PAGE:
Some have argued that the Patient Protection and Affordable Care Act (ACA) would erode employer-sponsored insurance (ESI) by providing incentives for employers to stop offering coverage. Others have claimed that most businesses would face increased costs as a result of reform, or even that the uncertainties surrounding the impact of health reform are hampering the economic recovery. A new study, however, finds that the effects on employer coverage and employer health care spending would actually be small.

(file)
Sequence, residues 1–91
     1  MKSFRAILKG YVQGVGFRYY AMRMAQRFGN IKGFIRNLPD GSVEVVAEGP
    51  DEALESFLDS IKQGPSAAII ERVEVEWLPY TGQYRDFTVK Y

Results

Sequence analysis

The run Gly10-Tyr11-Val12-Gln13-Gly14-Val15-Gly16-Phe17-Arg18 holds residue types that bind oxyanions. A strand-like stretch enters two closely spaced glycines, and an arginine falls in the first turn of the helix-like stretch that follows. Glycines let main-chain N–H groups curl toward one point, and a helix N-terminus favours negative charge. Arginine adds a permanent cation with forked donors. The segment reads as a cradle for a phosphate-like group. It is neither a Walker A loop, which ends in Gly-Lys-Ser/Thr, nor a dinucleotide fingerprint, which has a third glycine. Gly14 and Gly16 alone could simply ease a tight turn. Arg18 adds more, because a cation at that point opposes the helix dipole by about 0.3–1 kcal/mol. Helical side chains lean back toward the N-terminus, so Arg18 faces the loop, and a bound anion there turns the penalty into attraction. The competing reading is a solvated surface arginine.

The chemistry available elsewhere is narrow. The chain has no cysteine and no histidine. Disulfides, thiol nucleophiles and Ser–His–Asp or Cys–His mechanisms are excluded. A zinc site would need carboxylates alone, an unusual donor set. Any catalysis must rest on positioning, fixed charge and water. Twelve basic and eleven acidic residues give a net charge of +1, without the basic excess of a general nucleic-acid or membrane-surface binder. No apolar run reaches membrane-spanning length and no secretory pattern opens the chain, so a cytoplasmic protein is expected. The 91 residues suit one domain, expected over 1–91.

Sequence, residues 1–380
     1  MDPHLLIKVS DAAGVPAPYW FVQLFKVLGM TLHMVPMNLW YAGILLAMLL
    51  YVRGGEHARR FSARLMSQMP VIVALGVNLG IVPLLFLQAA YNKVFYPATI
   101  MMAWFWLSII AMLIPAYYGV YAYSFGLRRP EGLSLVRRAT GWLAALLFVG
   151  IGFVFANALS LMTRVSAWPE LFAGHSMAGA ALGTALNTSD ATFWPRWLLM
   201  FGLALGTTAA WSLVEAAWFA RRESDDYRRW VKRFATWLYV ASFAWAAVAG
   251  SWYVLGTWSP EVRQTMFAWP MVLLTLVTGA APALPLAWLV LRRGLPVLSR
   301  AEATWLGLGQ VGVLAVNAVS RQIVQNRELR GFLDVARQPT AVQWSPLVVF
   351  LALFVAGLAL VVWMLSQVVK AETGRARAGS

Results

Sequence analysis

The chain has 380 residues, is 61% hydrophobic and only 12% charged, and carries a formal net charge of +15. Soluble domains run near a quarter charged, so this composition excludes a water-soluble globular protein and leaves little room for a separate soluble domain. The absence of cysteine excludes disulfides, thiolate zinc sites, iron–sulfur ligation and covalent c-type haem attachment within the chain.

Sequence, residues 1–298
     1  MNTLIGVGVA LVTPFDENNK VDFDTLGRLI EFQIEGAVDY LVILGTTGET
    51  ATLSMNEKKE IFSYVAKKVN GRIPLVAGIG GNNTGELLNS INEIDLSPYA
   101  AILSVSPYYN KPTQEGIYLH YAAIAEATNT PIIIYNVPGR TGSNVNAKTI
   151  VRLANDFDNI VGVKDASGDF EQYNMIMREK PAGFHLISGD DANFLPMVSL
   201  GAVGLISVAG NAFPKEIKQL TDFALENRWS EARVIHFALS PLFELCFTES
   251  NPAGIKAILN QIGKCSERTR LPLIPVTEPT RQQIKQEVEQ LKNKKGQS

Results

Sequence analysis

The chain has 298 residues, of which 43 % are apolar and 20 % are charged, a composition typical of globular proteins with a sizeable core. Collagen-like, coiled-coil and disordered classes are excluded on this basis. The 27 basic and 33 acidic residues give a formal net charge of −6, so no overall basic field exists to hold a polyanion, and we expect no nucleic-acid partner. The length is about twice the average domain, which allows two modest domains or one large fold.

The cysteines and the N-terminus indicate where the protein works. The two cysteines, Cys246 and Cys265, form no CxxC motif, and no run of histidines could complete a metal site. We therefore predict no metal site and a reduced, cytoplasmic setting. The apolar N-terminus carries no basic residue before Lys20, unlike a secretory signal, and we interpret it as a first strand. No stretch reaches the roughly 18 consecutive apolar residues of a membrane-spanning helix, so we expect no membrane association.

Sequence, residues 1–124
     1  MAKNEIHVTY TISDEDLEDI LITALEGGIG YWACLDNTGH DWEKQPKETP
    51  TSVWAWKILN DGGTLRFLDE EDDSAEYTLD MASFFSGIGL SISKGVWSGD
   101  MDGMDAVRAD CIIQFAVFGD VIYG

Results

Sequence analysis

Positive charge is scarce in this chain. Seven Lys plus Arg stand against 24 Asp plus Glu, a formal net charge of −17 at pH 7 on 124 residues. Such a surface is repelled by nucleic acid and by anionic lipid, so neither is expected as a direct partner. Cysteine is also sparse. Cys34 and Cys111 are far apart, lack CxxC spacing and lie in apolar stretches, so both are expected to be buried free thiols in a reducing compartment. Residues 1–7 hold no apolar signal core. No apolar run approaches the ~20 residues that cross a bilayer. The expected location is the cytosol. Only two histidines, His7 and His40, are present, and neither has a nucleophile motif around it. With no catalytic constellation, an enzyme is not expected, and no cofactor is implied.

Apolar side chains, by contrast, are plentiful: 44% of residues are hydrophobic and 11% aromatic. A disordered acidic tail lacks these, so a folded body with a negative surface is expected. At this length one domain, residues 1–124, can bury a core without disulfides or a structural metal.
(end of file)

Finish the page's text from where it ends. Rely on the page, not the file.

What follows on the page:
The paper, funded by the Robert Wood Johnson Foundation and prepared by Urban Institute researchers using their Health Insurance Policy Simulation Model, estimates how the ACA would affect ESI and employer costs. To investigate the effects of health reform on ESI, they simulate the ACA as if fully implemented in 2010 and contrast the results with the pre-reform baseline estimates for the year.
Among the researchers’ findings:
The brief’s finding that the ACA will have little overall effect on ESI coverage is similar to the findings of the Congressional Budget Office and runs counter to some predictions of a major decline in ESI because of the ACA.